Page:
15. Submissions that accounts must comply with fundamental principles of accounting additional to the best practice of accountants as embodied in the accounting standards have been made in other cases. But they have always been rejected. In Odeon Associated Theatres Ltd v Jones (1970) 48 TC 257 Sir John Pennycuick V-C (at p. 273) described the argument as "entirely novel". It was rejected by the Court of Appeal in Gallagher v Jones (Inspector of Taxes)  Ch 107. In this case, it takes the form of saying that profits must be ascertained by taking all the revenue received during the year, deducting all the costs (including depreciation) incurred during the year and making an adjustment for the difference between opening and closing stocks, treating an increase in stock value as if it was revenue. That is certainly one way of computing profits and there are dicta in earlier cases which show that half a century ago and more, judges and accountants thought it was the normal and obvious way of computing profits. It may have been the only practical method when record-keeping was not sufficiently sophisticated to enable one to make a meaningful attribution of costs in one year to sales in some future year. It is not, however, the philosophy of SSAP 9, which permits the cost of unsold stock to be carried over into future years and set against future sales. In this exercise, relevant depreciation is simply another cost.
16. Then it is said that treating depreciation carried in stock as a cost excluded from the current year's computation and held back for a future year's computation is a category mistake. Stock is an asset which has a value and cannot be a cost. But that seems to me to confuse the role of stock in a balance sheet with its role in a profit and loss account. The balance sheet is a statement of assets and liabilities on a given date and in that statement, stock is indeed one of the assets. The profit and loss account, on the other hand, is concerned with revenue and costs, and in that context, the figure for stock represents a cost which SSAP 9 requires to be kept out of the computation of profit for the year but recorded to be carried over into the computation for a future year.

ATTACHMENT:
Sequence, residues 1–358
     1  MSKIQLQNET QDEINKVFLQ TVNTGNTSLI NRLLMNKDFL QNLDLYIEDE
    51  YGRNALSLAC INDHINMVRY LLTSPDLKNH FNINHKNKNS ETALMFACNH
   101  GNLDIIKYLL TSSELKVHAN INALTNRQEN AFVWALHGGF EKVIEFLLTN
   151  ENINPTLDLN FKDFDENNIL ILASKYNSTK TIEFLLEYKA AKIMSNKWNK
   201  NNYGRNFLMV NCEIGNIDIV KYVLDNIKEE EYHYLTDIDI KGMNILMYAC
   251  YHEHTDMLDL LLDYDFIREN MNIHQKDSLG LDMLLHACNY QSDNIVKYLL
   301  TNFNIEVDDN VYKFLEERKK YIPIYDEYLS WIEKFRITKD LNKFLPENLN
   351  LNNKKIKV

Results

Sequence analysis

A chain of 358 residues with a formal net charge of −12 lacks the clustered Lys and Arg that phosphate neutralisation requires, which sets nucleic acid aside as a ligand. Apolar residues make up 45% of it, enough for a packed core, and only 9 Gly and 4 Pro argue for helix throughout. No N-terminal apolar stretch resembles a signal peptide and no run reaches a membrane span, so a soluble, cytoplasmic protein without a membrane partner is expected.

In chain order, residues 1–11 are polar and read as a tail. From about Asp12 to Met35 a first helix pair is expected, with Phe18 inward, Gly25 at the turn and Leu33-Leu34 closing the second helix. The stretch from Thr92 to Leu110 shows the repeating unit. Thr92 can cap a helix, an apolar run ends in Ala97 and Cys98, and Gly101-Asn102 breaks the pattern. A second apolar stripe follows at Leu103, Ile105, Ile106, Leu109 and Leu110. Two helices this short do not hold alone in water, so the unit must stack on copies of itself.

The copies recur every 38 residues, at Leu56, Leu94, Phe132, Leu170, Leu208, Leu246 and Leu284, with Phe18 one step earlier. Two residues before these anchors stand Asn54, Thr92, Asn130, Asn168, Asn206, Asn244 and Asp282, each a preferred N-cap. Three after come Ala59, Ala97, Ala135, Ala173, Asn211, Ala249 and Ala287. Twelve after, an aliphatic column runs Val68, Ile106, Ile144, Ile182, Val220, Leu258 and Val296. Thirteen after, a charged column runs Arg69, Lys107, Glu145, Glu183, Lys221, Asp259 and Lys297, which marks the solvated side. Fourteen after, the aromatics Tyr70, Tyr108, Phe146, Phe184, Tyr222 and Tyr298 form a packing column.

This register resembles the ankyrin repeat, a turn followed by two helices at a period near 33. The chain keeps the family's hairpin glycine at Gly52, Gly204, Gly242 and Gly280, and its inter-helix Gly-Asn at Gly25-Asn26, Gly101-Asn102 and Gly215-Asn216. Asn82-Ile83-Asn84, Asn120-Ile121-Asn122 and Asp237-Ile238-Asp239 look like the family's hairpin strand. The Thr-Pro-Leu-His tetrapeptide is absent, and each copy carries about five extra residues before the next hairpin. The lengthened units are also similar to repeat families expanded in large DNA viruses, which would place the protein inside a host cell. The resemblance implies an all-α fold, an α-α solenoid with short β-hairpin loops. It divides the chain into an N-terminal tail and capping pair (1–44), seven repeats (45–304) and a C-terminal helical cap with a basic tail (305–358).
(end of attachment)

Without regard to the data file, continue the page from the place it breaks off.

17. That, says the Revenue, is all very well when stock is valued at cost. Then the value of the stock in the balance sheet and the costs held over in the profit and loss account happen to coincide and the conceptual differences are concealed. But what if the value of the stock, on account, say, of obsolescence, falls below cost? Then it must be entered in the balance sheet at realisable value and a corresponding adjustment made to the profit and loss account. In such a case, the figure representing stock in the profit and loss computation cannot simply be regarded as a cost. It is something entirely different.
18. In my opinion there is no difficulty in accommodating this situation if one keeps in mind that the profit and loss account is concerned with revenue and expenses. A fall in the value of stock to below cost, although it involves no immediate outgoing or loss of income, is something which the principle of prudence requires should be treated as an expense and reflected in a deduction from that year's profit. There is no conceptual problem about recognising such a write-down as an immediate expense but carrying the cost of stock forward to be a future expense.
19. In support of these arguments, the Revenue placed considerable reliance upon the judgment of Lord Millett, sitting as a judge of the Court of Final Appeal in Hong Kong, in Commissioner of Inland Revenue v Secan Ltd (2000) 74 TC 1. The taxpayer company borrowed money to buy some land and build a block of flats. Construction took three years, during which no sales took place. The company's accounts submitted to the revenue for those years treated interest on the borrowed money as carried forward to be added to the cost of the flats and, there being no sales against which any costs could be set off, showed neither a profit nor a loss. This would be entirely in accordance with the principle of SSAP 9.